Working in isolation could kill the supply chain – it’s time to share more

Sharing might not come naturally in the competitive retail landscape, but it will be critical for the future of all companies in the supply chain

It is no surprise that consumer behaviour continually changes due to new technology and cultural shifts. For example, the advent of the supermarket trolley and home refrigeration changed retail from “little and often” specialist store shopping along the high street to the big, weekly, out of town supermarket shop.

Today, digital connectivity is exploding choice for consumers, while also making them much savvier and more demanding (“I want my products delivered to my doorstep in the next hour in exactly the size I need and in exactly the condition I want!”). But the consumers of the future are also leading much busier lives, growing older and more price-conscious, living more in cities, and becoming more environmentally demanding.

This means that shoppers are no longer focusing purely on online purchasing but are also turning to stores that offer better pricing with increasingly better-quality products and easier access. Which, ironically, is helping to drive the trend back to shopping “little and often”, through the omni channel. Indeed, over the next five years discount and convenience stores are predicted to grow by £17billion, compared to online’s £5.6billion according to Retail Landscape predictions 2017. And more action on sustainability is becoming a must-have even in discount stores, with companies such as Lidl building it into their brand.

These rapidly changing demands are creating tidal pressures that are being felt by each company along the supply chain – from producer to retailer. Everyone who has a role to play in producing items purchased online or in store is required to be more responsive, sustainable, agile and innovative. Indeed, the very notion of what constitutes an efficient supply chain is being challenged by this new consumer behaviour – “lean” is no longer enough.

Naturally, each company turns to their own processes to find ways of adapting, be that in their production, packaging or transportation lines. But by trying to optimise just their part of their individual supply chain, companies are merely pushing costs upstream or elsewhere in the supply chain. And focusing only on one area of a business or the supply chain doesn’t solve the challenges of the omni-channel world we are now operating in.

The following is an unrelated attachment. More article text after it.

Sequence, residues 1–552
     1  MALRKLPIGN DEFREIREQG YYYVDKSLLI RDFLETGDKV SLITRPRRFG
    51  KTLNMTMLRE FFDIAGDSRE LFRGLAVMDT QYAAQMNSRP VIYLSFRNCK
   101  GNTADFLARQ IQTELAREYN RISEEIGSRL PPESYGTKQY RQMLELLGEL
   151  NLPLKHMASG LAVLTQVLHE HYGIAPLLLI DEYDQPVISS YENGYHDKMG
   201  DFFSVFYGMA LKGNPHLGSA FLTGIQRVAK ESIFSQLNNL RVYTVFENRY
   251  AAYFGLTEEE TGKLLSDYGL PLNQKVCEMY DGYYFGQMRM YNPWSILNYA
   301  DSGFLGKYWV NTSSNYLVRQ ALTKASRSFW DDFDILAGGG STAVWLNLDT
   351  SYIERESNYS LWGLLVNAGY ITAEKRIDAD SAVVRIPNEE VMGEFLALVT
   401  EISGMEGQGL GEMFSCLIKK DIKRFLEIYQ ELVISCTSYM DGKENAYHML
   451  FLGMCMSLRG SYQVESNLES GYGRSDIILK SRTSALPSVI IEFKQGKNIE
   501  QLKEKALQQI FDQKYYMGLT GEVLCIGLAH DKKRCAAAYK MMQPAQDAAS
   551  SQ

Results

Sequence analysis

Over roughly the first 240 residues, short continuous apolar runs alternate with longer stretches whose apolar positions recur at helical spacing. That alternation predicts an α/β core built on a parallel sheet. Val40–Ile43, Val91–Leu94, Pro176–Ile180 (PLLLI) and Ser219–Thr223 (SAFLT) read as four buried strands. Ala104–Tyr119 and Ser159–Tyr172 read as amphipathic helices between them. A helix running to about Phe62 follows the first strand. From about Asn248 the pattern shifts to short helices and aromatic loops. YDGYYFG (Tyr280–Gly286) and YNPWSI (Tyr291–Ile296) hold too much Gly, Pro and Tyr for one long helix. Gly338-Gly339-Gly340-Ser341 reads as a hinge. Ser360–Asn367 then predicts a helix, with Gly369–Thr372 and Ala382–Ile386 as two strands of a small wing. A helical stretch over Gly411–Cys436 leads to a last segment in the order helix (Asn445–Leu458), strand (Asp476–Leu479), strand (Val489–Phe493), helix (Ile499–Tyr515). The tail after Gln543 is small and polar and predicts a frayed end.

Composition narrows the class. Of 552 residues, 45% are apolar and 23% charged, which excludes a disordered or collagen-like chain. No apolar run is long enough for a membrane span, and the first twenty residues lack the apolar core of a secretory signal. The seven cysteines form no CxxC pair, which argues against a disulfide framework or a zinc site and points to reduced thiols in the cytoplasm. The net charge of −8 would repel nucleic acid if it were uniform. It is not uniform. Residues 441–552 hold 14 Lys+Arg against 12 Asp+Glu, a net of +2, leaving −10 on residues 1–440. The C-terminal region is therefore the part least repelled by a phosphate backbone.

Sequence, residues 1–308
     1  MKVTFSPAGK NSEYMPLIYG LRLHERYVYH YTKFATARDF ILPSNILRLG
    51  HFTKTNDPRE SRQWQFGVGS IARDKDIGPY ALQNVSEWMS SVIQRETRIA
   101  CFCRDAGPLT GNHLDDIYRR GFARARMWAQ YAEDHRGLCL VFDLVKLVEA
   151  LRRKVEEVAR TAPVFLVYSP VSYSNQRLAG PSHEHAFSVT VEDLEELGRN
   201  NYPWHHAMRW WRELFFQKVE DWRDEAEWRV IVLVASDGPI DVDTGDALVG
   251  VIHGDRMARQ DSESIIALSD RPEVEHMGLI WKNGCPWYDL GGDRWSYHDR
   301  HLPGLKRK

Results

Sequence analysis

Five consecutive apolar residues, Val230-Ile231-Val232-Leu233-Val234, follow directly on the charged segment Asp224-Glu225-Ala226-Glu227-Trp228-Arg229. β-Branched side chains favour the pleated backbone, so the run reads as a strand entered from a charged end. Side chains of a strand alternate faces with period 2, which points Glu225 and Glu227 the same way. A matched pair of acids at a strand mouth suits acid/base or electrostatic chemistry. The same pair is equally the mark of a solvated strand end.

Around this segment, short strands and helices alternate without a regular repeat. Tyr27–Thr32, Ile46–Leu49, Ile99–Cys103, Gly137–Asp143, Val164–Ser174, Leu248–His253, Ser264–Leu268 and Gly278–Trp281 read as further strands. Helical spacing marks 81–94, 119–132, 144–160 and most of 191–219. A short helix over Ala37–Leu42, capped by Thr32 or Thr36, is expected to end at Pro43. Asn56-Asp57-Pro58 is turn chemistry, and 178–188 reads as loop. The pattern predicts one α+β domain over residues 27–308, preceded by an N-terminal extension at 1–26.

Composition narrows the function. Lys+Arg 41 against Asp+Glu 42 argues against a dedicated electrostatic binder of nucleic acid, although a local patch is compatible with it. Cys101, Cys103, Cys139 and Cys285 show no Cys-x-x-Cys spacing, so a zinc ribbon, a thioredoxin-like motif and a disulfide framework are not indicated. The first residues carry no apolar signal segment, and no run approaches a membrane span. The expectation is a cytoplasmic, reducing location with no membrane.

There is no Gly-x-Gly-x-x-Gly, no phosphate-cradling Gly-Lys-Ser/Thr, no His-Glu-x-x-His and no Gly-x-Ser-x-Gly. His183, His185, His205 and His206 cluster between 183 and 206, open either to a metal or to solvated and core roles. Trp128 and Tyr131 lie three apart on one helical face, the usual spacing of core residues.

If companies continue in this siloed approach, it could be the straw that breaks the camel’s back for the whole supply chain.

The 2015 ECR-UK report on reducing wasted miles concluded that collaboration across the whole supply chain was “critical”, but although collaboration has been a buzzword in the industry for some years now, very little has actually happened.

The biggest barrier to this collaboration is trust. And this is difficult to establish in an economically competitive landscape. The answer is to identify areas for collaboration where everyone can benefit mutually, and to find neutral partners who can build trust among previously competitive companies.

We know that collaboration works, because we’ve been sharing our pallets through supply chains for over 60 years, moving more products, to more people, in more places than anyone else. We have a unique integration and visibility across the end-to-end supply chain, with insight into customer flows from over 14 million shipments in 224,000 lanes across Europe annually.

And, crucially, we aren’t in competition with manufacturers, distributors or retailers in the supply chain. Being impartial, we can help the industry move from an unsustainable linear isolated model to a more circular, collaborative one. From manufacturing and distribution, logistics and transportation to in-store sales and promotions, we work together across the supply chain to design omni-channel solutions.

We have shown our customers that by collaborating and integrating with others they can gain real synergies, efficiencies, added value and reduction in waste. We’re already facilitating collaboration with over 130 businesses, saving everyone money and time and lowering CO2 emissions. But sharing data, schedules and truck space with your competitors means overturning embedded attitudes built up over generations.

Satisfying the consumer of the future will take a real change in mindset from our industry, and it’s a challenge that we ignore at our peril. In this omni-channel world it’s no longer a zero-sum game. By cooperating to serve all our customers better, we all win – helping us all move more with less. This is the supply chain revolution that is needed.


By Helen Lane, Vice-President, Northern Europe, CHEP EMEA: The Consumer of the Future